Thanks to some help and testing from Pete Eschman, I’ve been able to restore support for Orion telescopes to my ASCOM Driver for Digital Setting Circles. Specifically, Orion Sky Wizard 2 and 3 and Orion Intelliscope platforms should now be working. Please let me know if you have problems using the driver with these platforms.

Orion itself gets no credit for this–they repeatedly ignored my requests for technical support on this issue, despite the fact that the ASCOM driver they published was a slightly-modified version of one of my earlier drivers.

Here’s an image I took with my NexStar 6SE and Canon EOS Digital Rebel XT DSLR of the total lunar eclipse on the evening of 27 Sept 2015, just after the eclipse reached totality. The image was taken with the DSLR mounted at the prime focus of the NexStar 6SE. This is a 1500-mm f/10 setup, with the camera set at ISO 400, 15-sec exposure. Unfortunately, with the long focal length I couldn’t quite fit the entire moon in the frame.

Total lunar eclipse image taken with Canon EOS Digital Rebel XT connected to Celestron NexStar 6SE at prime focus. 1500 mm f/10, ISO 400, 15-sec exposure.
Total lunar eclipse image taken with Canon EOS Digital Rebel XT connected to Celestron NexStar 6SE at prime focus. 1500 mm f/10, ISO 400, 15-sec exposure.

I seem to be getting into the habit of acquiring older gear and then facing the uphill battle of making it work with more modern equipment. Recently, I wandered into the local pawn shop here in Woodland Park and discovered a used Canon EOS Digital Rebel XT (350D) DSLR camera sitting on the shelf. I’d always wanted a DSLR with which to try some astro-imaging but wasn’t willing to shell out the bucks for a new one. So, I laid out the cash and took the 350D home with me to check it out.

Did I mention that we moved from Colorado Springs to Woodland Park this spring? We found ourselves a nice house on an acre with mostly dark skies overhead. You can actually see the Milky Way on moonless nights–completely unlike the washed out urban sky in Colorado Springs. We love it! If you noticed that there haven’t been any additions to the ol’ web site for more than a year, now you know why. It’s a lot of work to get one house ready for sale, sell it, find a new house, buy it, and get moved. I’m pooped. Anyway, let me tell you a little bit about the new camera and what it took to get things up and running.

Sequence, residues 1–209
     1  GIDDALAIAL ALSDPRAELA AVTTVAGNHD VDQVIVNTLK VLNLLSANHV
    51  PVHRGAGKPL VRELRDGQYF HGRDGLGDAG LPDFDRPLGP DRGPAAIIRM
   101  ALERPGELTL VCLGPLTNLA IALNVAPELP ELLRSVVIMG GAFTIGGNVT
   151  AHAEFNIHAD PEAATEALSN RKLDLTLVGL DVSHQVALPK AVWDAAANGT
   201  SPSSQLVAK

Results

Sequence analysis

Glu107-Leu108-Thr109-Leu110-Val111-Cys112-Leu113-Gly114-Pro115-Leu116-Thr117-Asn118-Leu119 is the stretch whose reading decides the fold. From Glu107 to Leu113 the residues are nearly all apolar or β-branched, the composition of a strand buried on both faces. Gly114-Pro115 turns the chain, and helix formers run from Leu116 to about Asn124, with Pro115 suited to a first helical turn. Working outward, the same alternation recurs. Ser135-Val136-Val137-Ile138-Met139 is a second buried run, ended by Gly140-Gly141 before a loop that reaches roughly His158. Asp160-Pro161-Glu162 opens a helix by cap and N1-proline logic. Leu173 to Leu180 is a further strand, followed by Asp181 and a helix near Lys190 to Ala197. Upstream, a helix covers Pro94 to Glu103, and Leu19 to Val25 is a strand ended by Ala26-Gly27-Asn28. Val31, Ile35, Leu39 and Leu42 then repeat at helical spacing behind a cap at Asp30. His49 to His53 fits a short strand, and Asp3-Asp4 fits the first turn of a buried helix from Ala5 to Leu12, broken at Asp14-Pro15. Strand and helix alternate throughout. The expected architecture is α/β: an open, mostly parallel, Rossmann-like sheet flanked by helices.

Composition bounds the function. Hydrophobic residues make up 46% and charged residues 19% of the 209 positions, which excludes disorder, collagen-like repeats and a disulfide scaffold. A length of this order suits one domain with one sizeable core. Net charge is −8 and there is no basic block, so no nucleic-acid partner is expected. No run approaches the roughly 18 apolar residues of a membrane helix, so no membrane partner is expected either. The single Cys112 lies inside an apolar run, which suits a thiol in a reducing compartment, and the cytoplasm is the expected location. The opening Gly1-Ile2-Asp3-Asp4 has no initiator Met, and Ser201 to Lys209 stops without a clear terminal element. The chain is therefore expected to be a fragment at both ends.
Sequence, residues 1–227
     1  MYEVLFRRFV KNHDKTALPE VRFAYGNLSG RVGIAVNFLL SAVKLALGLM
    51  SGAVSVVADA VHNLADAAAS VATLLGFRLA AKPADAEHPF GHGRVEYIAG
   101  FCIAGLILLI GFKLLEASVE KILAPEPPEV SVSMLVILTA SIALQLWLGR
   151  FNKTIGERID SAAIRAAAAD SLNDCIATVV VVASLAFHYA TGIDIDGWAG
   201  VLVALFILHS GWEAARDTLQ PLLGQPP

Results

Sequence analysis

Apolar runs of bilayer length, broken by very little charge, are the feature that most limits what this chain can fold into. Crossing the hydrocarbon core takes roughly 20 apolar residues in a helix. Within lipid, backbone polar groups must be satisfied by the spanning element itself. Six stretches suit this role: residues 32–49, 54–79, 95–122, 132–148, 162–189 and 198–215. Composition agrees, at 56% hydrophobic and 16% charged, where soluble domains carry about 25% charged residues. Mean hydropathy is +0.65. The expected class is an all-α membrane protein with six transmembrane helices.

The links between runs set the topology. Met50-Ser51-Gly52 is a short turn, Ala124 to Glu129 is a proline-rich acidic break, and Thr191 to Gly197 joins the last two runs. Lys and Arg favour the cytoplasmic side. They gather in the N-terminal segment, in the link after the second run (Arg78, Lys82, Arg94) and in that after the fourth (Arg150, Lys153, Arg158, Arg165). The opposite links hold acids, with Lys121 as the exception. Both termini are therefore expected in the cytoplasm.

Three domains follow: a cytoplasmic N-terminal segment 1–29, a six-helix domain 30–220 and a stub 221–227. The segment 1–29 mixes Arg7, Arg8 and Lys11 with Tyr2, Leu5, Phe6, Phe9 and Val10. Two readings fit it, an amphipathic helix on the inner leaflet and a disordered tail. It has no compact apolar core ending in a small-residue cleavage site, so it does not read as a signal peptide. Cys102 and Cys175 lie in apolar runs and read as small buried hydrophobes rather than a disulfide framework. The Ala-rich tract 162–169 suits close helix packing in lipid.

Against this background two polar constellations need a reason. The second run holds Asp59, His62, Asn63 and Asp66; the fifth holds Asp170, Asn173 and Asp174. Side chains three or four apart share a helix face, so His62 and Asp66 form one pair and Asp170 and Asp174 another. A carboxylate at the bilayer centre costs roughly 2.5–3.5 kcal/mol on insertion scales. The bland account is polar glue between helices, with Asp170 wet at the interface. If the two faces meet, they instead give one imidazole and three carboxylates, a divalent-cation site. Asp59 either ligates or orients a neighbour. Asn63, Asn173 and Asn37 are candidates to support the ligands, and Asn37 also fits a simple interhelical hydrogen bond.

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So, you probably saw the post I put up a day or two ago about having just gotten a Celestron NexStar 6SE telescope. I’ve been having a ball with it so far. My plan last night was to try using my digital camera to take some video of Jupiter and then run it through Registax software to see what came out of it. I followed the instructions posted on this page at Stargazer’s Lounge. I can’t claim to have done anything original here–just followed the cookbook.

My final image of Jupiter, created from video processed by Registax
My final image of Jupiter, created from video processed by Registax

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I’ve never been crazy about my Meade Starfinder 8″ equatorial Newtonian telescope. The optics seem fine, but the mount is heavy, hard to move, and hard to use. Even with my digital setting circles it’s difficult to get the thing pointed exactly where you want it, and a modest breeze can make it almost unusable. Even getting it set up was a chore. So I didn’t really use it much, and I felt bad about that. So, a week ago I decided to buy myself a new telescope, and this time I chose something much more compact–a Celestron NexStar 6SE SCT.

My new Celestron NexStar 6SE on my living room floor just after unboxing
My new Celestron NexStar 6SE on my living room floor just after unboxing

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I’ve just updated my Digital Setting Circles ASCOM driver, adding a few additional alignment stars in southern constellations at the request of a southern hemisphere user. I added stars in the constellations Carina, Crux, and Grus. Go to my ASCOM driver page and download the new version (1.0.8.0) there.

And an additional note to you southern hemisphere users: if you’re looking for the star Achernar, it’s actually with the constellation Phoenix in my alignment star constellations. Sorry for the confusion.

I’d been hearing lately about some astronomy software for the iPhone/iPad called SkySafari (made by Southern Stars), but not owning either one of those devices myself, I hadn’t really bothered to look into it at all. That all changed when I came across an ad for SkySafari in Sky and Telescope magazine that showed that an Android version was available. Now I became much more interested to see what the fuss was about, so I dropped $14.99 in the Google Play store for the Plus version so I could try it out on my HTC Incredible phone as well as my rooted Barnes and Noble Nook Color. Mostly, I wanted to see if SkySafari would connect to my digital setting circles box via bluetooth. Initial impressions are very good.

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I didn’t find out about last Sunday’s solar eclipse until just a few days prior, and I didn’t have any equipment that I could use to safely view the eclipse. Not wanting to resort to the pinhole projection method for viewing the eclipse, I consulted my 40-year-old copy of Sam Brown’s classic (and extremely informative) book All About Telescopes for some other ideas. The book showed a design that would fit over the front of my 8″ Newtonian telescope, stopping the aperture down to 2″ and using a lens from a welding helmet to knock down the sun’s intensity to a manageable level. All I needed was the welding lens.

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